Most dyes offer washing machine instructions. I have never used a washing machine to dye my fabric, nor would I, although there are plenty of  happy consumer reviews posted on forums that support using washing machines. I dye stuff in pots and stainless steel sinks because I don’t own a washing machine and so I wouldn’t risk running dyes through someone else’s machine, even though I have read that it doesn’t stain rubber seals or plastic components.

Dyes give off fumes, potentially harmful ones. Open windows and have a fan going while dyeing. Create a well ventilated area while you are dyeing fabrics.

Do not try to dye clothing to hide armpit stains, it may not work.  I have heard that Rit Colour Remover will help removes stains in white fabrics and using it to lighten a garment prior to dyeing might even out the tones.

I have had some success with Rit Colour Remover in an attempt to make a striped shirt lose its stripes. I ended up with a shirt so pale that you had to look closely to find the stripes, but the stripes were still there.  The fabric felt less soft and smelled funny for a few washes afterwards.

Articles of clothing that have synthetic threads holding them together (i.e. a cotton shirt might have been sewn together using polyester thread) might yield surprising results if you are not expecting it. Some threads will take the colour of the dye while other threads will remain their original colour and not take dye. I once dyed a shirt purple because I wasn’t a fan of the pink, and I ended up with a purple shirt with pink seams. I’m not a fan of contrasting stitching on my clothes, but if you are, then dye on and worry not.

Buttons and other accessories on clothing may also not dye, so if you plan to dye a button-up shirt, for instance, you may also need to be prepared to replace the buttons if you want them to match.

If you dye something a bright or saturated colour, assume that some of the dye may still come out in the first few times in the washing machine. Especially true for reds (which have a history leaving other laundry pink) wash your newly dyed article by hand, in cold water, until you are confident that it won’t run or bleed into other fabrics.

When in doubt, follow the label

Feeling adventurous?

Try dyeing naturally using naturally occurring pigments found in flowers, nuts or berries!

Beets are notorious for staining clothes, so go the extra mile and try an all-over treatment.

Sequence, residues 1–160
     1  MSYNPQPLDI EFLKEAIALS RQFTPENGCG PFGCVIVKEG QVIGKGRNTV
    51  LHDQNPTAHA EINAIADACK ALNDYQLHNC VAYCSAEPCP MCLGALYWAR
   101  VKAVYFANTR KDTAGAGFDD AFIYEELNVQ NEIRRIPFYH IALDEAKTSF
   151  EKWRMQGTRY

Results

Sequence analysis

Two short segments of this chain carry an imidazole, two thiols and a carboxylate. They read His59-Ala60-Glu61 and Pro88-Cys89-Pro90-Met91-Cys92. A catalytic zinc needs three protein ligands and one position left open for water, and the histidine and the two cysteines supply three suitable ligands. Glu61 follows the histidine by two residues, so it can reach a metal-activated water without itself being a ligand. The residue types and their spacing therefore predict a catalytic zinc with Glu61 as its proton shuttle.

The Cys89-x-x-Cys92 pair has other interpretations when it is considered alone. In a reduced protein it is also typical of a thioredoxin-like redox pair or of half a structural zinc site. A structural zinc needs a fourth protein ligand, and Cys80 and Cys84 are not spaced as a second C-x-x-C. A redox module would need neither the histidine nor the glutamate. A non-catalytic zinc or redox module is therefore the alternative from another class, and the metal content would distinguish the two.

Teas can be used as well. I tried to use coffee once on a lace tank top but it ended up looking dirty instead. I’ve heard of people using teas to dye paper to give it an antique look.


Elbow Patches




Heart Shaped Elbow Patches

I recently saw some cute elbow patches that were needle-felted onto a wool sweater. I have wanted to spruce up a shirt for a while and thought the heart shape was kind of nice.

Instead of working with wool, I used a floral print in cotton (bought a hat at a garage sale and removed the inner liner made of floral fabric).

How to

  1. Find some fabric you would like to use for your elbow patches and decide on a shirt to spruce up.
  2. Cut out a paper elbow patch to use as your template for tracing onto the fabric. Maybe you would prefer to go with a more classic look with a square patch with rounded edges, or oval.
  3. Ironing the fabric you are about to work with is a good idea because fabric is easier to sew when it’s flat.
  4. Place your paper template down and trace your shape onto the fabric. Or do what I did and just cut around the edge as best you can.
  5. Sew a stitch around the edges of your patches with a sewing machine to make sure that the fabric won’t fray at the edges and fall apart in the wash
  6. Place your patch where your elbow goes and pin it in place.
  7. Sew patches on by hand (or using a machine if you are into that). I figured I would have had to open the inseam on the shirt sleeve in order to sew the patch flat, and I’m a lazy seamstress, so I chose to do it by hand and opt out of too much seam-ripping.
  8. If you find your finished product is not what you had hoped for ,(I realized after finishing that my patches are a little high on the sleeve) thankfully, these patches are super easy to remove and re-sew.

Rustic Renovation



This post is about a project a friend of mine just finished. She was staring at her bathroom walls and was struck by how bleakly blank they were. Although the white painted walls helped keep the bathroom bright, there was something cold about it.

She’s a frugal gal and so she decided she would need to work within a tight budget to spruce up her bathroom. She went to the local lumber yard and asked if she could rummage through their piles of discarded wooden slats (used to separate piled lumber). They gladly obliged and she scavenged all of her materials for this project for free. The slats are no thicker than 1/8″.

She took down her mirror and towel rack and simply stapled the pieces onto the wall (though she adds that if she did it again she’d use finishing nails next time). She covered one wall and then wrapped the treatment around the top of her shower (see images below for details).

The result is a warmer, natural, more textured look to her previously cold white wall. This treatment also gives her interesting mirror a chance to stand out too, whereas before it kind of blended in.

Before and After photos

How to

1. Find a wall